Swiss association set up to protect pensions
SWITZERLAND – A new association to protect Swiss small and medium-sized enterprises has been established to combat moves by insurers to reduce conversion rates and thereby cut pensions.
Credit Suisse’s Winterthur announced last month that it plans to reduce its conversion from 7.2% to around 5.84% for males aged 65, and 5.45% for females aged 62 for the account balance in excess of the mandatory minimum under Swiss law.
This reduction will take effect from January 1 2004 for all cash balance plans.
The conversion rate is the rate used to convert a member's account balance at retirement into a lifelong annuity with spouse benefits.
Says Peter Zanella, benefits practice leader, at Watson Wyatt in Switzerland: “The news came as an unpleasant surprise for many stakeholders because it means a reduction of their projected retirement pension of about 25% and 33% for women.”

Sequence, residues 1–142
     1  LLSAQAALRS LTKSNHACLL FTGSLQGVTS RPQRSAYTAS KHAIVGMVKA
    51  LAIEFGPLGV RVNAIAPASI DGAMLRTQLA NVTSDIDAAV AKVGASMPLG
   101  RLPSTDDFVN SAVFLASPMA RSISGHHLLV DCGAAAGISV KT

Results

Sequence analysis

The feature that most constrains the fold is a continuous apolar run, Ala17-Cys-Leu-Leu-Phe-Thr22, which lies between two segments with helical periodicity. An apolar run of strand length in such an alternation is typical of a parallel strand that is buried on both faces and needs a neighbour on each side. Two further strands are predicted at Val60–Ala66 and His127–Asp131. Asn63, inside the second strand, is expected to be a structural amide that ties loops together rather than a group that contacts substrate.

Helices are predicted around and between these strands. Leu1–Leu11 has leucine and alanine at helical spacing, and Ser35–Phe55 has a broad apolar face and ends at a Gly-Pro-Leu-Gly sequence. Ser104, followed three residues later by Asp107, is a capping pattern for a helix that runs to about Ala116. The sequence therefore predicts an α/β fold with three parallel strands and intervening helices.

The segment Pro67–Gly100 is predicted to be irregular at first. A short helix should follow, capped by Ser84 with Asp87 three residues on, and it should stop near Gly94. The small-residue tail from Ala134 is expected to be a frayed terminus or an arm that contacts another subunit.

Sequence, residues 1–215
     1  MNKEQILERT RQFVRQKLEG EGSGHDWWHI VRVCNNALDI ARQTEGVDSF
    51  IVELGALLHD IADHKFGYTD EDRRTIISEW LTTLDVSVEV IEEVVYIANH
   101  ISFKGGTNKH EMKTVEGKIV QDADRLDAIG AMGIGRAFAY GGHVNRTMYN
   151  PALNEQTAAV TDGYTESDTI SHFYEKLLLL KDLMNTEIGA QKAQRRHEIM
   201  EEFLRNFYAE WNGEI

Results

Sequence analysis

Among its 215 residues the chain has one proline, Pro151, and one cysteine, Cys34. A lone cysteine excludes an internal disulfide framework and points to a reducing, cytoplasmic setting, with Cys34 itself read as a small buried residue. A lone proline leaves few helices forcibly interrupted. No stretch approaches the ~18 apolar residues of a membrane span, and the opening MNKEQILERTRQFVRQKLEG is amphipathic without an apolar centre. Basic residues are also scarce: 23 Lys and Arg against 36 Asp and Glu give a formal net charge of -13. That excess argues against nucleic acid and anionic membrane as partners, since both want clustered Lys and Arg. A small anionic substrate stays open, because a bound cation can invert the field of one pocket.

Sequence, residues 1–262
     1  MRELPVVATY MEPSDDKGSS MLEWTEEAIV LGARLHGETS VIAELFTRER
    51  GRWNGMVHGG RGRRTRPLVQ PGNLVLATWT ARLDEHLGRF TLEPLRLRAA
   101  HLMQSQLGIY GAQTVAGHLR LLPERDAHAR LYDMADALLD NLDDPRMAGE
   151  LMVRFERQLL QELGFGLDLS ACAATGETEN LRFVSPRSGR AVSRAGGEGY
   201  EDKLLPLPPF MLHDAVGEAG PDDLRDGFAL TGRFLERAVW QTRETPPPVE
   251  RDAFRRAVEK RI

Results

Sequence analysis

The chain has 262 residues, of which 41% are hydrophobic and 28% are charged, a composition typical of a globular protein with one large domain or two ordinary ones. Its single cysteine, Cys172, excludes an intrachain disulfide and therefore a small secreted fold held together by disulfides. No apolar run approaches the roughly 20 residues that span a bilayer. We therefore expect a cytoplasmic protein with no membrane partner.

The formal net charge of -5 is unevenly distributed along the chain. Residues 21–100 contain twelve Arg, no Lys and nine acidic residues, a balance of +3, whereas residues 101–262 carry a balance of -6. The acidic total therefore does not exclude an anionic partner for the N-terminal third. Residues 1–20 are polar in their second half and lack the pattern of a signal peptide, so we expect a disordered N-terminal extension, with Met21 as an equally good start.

The change was approved by the supervisory authority, Bundesamt fuer Privatversicherung, and is now facing a public backlash. An association to protect the small and medium sized companies that will be affected was established in Bern this week. The ‘Schutzgemeinschaft fuer KMU’, headed by Swiss entrepreneur Otto Ineichen, will try to stop Winterthur and also Zurich from cutting the rates.
“The big insurers are going to burden small and medium-sized companies and their insured staff with exorbitant premium hikes and annuity cuts in their company pensions over the coming years. Numerous small and medium enterprises see their existence threatened as a result, which is why the association has been established,” says the Schutzgemeinschaft in a press statement.
The association aims to deal with complaints, assist and support the small and medium-sized companies, keeping members and the public updated on developments. This week the association presented its first case against the increase in contribution rates to the Swiss department of social security. The documents are presently being analysed.
Swiss insurers are claiming that premiums must be increased and conversion rates reduced if they are to cope with the dramatic losses in funds resulting from the falling equity markets and low bond yields of the last three years.